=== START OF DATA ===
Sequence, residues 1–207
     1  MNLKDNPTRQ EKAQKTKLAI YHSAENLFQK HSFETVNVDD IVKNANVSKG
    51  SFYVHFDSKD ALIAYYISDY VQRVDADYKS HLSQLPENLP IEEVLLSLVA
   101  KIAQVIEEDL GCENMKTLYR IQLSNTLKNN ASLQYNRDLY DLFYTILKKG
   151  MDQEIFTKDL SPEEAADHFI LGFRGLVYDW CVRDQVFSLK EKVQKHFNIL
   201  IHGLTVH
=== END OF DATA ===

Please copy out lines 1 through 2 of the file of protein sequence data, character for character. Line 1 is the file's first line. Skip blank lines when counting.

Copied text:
Sequence, residues 1–207
     1  MNLKDNPTRQ EKAQKTKLAI YHSAENLFQK HSFETVNVDD IVKNANVSKG